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Patterson v. State

October 23, 2003

HENRY L. PATTERSON, PETITIONER, APPELLANT,
v.
STATE OF MINNESOTA, RESPONDENT.



SYLLABUS BY THE COURT

1. On review of a post-conviction court's denial without evidentiary hearing of a petition for post-conviction relief, any doubts about whether an evidentiary hearing is required are to be resolved in favor of the petitioner; yet if the petition, files and record conclusively show that the petitioner is entitled to no relief, an evidentiary hearing is not required.

2. Petitioner's ineffective assistance of counsel claim fails the prejudice prong of Strickland v. Washington, 466 U.S. 668 (1984), and the post-conviction court did not err by denying the claim without an evidentiary hearing.

3. Petitioner's allegations regarding jurisdiction are mere argumentative assertions without any factual support and, therefore, an evidentiary hearing is not required.

Affirmed.

Considered and decided by the court enábanc without oral argument.

The opinion of the court was delivered by: Anderson, Russell A., Justice

Hennepin County Anderson, Russell A., J.

OPINION

Henry Laverne Patterson was found guilty, following a jury trial, of first-degree premeditated murder for the death of three people and on direct appeal we affirmed. State v.áPatterson, 587 N.W.2d 45 (Minn. 1998).

In 2002, Patterson petitioned for post-conviction relief, alleging that he was denied effective assistance of counsel at trial and also alleging that the trial court was without jurisdiction because "various elements of the offense were not charged in the complaint, or found by the jury." He also claimed that he was denied access to the trial record. The post-conviction court, without an evidentiary hearing, denied Patterson's petition and we affirm.

On review of a post-conviction court's denial without an evidentiary hearing of a petition for post-conviction relief, we resolve any doubts about whether an evidentiary hearing is required in favor of the petitioner; yet if the petition, files and record conclusively show that the petitioner is entitled to no relief, we will not require an evidentiary hearing. Minn. Stat. § 590.04, subd. 1 (2002); Boitnott v. State, 582 N.W.2d 243, 245 (Minn. 1998).*fn1 We conclude, as did the post-conviction court, that the petition, files and record conclusively show that Patterson is entitled to no relief.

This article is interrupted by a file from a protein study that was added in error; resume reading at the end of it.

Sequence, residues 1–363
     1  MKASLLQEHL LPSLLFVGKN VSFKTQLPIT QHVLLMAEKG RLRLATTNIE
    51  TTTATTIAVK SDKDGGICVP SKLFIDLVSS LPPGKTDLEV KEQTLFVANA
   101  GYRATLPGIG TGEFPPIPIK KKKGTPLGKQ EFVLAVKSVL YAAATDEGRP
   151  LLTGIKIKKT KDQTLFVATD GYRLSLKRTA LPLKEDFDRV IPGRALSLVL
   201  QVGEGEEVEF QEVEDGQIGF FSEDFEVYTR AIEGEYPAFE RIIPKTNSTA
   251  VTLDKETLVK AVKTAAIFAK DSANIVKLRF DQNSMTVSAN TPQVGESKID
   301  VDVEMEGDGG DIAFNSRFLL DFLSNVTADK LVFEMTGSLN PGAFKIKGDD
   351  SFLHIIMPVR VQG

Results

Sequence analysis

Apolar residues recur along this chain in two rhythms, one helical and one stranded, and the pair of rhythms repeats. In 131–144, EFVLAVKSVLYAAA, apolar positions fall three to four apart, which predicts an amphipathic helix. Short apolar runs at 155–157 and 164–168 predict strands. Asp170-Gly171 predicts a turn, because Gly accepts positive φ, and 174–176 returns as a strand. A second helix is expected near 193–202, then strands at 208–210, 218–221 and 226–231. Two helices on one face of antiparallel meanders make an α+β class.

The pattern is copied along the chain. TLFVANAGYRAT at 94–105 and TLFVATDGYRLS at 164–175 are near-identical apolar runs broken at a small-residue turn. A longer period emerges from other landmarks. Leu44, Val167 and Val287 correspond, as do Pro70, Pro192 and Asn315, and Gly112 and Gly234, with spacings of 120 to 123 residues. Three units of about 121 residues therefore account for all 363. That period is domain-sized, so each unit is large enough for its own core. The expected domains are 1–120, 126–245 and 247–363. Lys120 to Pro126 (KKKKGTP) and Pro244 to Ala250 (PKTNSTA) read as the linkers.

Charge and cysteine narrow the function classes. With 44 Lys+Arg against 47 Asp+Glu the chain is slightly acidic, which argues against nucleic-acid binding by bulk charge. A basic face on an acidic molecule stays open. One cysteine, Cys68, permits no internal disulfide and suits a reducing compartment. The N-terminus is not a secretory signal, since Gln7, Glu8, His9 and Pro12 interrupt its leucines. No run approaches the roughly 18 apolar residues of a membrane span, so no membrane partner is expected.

We consider first whether the post-conviction court erred by denying without evidentiary hearing Patterson's claim of ineffective assistance of trial counsel. The gist of Patterson's ineffective assistance claim is that an "alibi" witness, Leonard McAdoo, was not permitted to testify because Patterson's trial counsel failed to give notice of an alibi defense and also failed to disclose McAdoo as a witness. On direct appeal we reviewed the trial court's evidentiary ruling precluding McAdoo from testifying and held that the trial court had not abused its discretion and, further, that Patterson was not prejudiced by the ruling. To give context to our consideration of his post-conviction claim, we repeat essential facts from our earlier opinion.

Patterson was convicted of three counts of first-degree premeditated murder for the deaths of his ex-girlfriend's mother, the mother's 9-year-old son, and a 13-year-old neighbor. On direct appeal we affirmed. The bodies of the three victims were found in the basement of the mother's townhome on the morning of June 28, 1996. The estimated time of death was that morning, between 12 and 1 a.m. The victims' injuries included knife wounds, blunt force injuries to the face, head wounds caused by a hammer, and strangulation. Antonio Brayboy, who pleaded guilty pursuant to a plea agreement to three counts of accessory to first-degree murder, watched Patterson murder the victims and testified in great detail as to the instruments Patterson used, the location and types of wounds inflicted, and the order in which the wounds were inflicted. Brayboy's testimony was in accord with reports of the medical examiner and various investigators.

After both the state and defense rested, and immediately before final argument, Patterson's trial counsel attempted to call Leonard McAdoo, Patterson's chemical-abuse counselor. McAdoo was expected to testify that he had a counseling session with Patterson between 4:00 and 4:45 p.m. on June 27, 1996, some 7 to 8 hours before the estimated time of the murders. McAdoo's testimony was intended to impeach Brayboy's testimony and the testimony of others as to Patterson's whereabouts between 4:00 and 4:45 p.m. Patterson's trial counsel, who had failed to disclose McAdoo as a witness, alleged a mix-up regarding the import of McAdoo's testimony ...


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